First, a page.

The principles that rule this blog

Principles that will govern my thoughts as I express them here (from my opening statement):

  • Freedom of the individual should be as total as possible, limited only by the fact that nobody should be free to cause physical injury to another, or to deprive another person of his freedoms.
  • Government is necessary primarily to provide those services that private enterprise won't, or won't at a price that people can afford.
  • No person has a right to have his own beliefs on religious, moral, political, or other controversial issues imposed on others who do not share those beliefs.

I believe that Abraham Lincoln expressed it very well:

“The legitimate object of government is to do for a community of people whatever they need to have done, but cannot do, at all, or cannot
so well do, for themselves — in their separate, individual capacities.”

Comments will be invited, and I will attempt to reply to any comments that are offered in a serious and non-abusive manner. However, I will not tolerate abusive or profane language (my reasoning is that this is my blog, and so I can control it; I wouldn't interfere with your using such language on your own!)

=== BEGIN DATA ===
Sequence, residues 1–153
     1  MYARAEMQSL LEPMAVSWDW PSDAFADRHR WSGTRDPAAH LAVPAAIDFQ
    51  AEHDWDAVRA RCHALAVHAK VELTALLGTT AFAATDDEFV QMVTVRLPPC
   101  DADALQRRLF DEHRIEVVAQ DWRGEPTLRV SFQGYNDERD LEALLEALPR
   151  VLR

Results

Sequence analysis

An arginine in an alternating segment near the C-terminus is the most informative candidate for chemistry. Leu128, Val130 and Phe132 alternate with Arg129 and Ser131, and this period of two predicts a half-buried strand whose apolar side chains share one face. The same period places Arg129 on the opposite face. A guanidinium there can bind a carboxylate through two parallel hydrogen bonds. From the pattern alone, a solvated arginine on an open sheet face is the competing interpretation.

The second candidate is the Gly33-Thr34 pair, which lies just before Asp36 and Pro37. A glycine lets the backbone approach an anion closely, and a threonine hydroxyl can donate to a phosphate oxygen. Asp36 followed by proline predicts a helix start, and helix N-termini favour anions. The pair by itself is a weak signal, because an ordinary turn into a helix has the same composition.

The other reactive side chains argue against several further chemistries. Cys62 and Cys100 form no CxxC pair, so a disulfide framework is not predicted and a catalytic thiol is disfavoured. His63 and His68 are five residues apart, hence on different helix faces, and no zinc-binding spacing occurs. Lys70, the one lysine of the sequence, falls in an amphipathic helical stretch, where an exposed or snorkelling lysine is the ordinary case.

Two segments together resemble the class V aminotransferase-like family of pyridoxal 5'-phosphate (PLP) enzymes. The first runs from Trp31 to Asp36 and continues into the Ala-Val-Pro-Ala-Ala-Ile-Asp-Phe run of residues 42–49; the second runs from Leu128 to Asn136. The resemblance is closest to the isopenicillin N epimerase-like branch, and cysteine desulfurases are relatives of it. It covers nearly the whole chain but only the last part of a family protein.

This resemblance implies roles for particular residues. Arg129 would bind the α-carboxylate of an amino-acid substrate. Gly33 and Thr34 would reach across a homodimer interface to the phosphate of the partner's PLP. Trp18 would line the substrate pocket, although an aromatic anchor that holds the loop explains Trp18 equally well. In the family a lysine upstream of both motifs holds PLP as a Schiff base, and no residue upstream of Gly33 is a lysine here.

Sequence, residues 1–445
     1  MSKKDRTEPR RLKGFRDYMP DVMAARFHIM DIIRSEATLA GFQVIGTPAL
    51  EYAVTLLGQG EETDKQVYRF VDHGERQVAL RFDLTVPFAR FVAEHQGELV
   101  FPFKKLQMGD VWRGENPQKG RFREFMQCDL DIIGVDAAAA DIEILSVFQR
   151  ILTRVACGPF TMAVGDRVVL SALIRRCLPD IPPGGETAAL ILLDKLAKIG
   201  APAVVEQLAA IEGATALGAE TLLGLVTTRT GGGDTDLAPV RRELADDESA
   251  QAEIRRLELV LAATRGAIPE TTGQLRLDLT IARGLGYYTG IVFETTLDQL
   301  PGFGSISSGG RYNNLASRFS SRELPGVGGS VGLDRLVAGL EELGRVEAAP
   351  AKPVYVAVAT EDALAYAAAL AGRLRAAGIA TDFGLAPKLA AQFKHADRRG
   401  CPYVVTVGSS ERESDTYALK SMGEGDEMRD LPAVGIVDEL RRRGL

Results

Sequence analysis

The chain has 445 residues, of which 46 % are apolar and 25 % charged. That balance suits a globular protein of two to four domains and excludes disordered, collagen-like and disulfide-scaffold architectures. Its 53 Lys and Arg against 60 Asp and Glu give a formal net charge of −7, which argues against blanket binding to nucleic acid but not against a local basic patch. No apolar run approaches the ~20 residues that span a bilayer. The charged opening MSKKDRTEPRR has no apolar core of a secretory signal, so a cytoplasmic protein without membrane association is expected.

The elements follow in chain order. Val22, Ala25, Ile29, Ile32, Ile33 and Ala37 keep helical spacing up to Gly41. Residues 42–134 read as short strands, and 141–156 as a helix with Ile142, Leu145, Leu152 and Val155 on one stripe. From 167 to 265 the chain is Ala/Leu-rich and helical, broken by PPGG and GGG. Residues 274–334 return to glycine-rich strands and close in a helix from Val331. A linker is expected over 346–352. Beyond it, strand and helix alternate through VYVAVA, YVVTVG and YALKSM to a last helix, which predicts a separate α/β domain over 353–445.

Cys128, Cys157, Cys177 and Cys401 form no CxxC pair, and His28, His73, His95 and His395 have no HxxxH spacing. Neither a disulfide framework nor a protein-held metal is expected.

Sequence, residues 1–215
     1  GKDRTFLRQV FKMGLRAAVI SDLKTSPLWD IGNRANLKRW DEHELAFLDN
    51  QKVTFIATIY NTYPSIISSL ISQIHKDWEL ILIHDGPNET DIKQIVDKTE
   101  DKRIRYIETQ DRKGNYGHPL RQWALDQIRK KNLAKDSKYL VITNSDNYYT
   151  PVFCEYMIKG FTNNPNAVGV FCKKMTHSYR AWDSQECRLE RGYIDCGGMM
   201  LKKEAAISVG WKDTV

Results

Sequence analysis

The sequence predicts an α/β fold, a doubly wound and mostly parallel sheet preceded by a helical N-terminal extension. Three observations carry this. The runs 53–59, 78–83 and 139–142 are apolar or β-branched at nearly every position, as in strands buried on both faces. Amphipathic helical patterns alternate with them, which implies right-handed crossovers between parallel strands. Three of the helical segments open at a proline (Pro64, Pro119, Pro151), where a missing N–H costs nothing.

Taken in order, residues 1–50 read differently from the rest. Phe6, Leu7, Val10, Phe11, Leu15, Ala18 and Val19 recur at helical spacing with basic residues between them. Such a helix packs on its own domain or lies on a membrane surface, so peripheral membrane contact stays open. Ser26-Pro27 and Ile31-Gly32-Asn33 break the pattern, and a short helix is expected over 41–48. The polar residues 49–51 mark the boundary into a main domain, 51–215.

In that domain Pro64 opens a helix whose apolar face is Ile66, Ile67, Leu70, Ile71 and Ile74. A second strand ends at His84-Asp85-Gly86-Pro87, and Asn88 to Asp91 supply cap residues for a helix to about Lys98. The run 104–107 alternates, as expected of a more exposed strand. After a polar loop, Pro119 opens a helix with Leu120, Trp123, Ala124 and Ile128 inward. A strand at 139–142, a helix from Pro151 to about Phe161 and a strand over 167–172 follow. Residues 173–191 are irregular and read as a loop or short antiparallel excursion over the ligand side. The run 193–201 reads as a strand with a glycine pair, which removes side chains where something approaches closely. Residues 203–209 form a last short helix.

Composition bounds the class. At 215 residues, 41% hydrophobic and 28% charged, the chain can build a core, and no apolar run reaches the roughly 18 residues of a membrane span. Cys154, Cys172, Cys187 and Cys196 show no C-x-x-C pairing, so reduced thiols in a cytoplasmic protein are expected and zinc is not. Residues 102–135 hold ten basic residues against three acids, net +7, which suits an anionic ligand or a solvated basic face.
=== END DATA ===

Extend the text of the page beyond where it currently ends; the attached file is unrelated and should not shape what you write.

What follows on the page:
If anyone finds an opinion that I express to be contrary to my principles, they are welcome to point this out. I hope that I can make a rational case for my comments. Because, in fact, one label I'll happily accept is rationalist.

Thursday, October 17, 2013

Kicking the can down the road

The Senate has put forth a bill to avert the crisis for now, by the overwhelming majority of 81-18. And the House has accepted the Senate bill, by a substantial, nearly 2/3 margin, 285-144. President Obama has signed the bill. Nothing much has happened, except that the Government reopens, and the debt limit is raised. Under the terms of the bill, we will go through the same situation in a few months.

What this shows is that it's a great advantage to control the media. The Democrats could portray the Republicans as unwilling to compromise, despite it being that they were the ones unwilling to compromise. And the American public, according to polls, believed the Democrats' charges.

Where do we go from here? I don't know. Ted Cruz, Marco Rubio, and Rand Paul were among the 18 Senators who refused to support the Senate bill. This means all three will have solid Tea Party credentials. But while, on this issue, the Tea Party had a lot of logic on its side — Obamacare is killing the economy and needs somehow to be derailed — the American public (which agrees that Obamascare is a bad thing, in poll after poll) does not want the Government shut down, or the debt limit increase threatened, or anything that might prevent the inexorable march forward of Obamacare. It's probably the media's fault, as I said. The media can't sell the public something as awful as Obamacare, but it can paint the GOP's attempts to stop it as so bad that the party is hurt. And that's really what the media want.

And I have no clue how to combat this.

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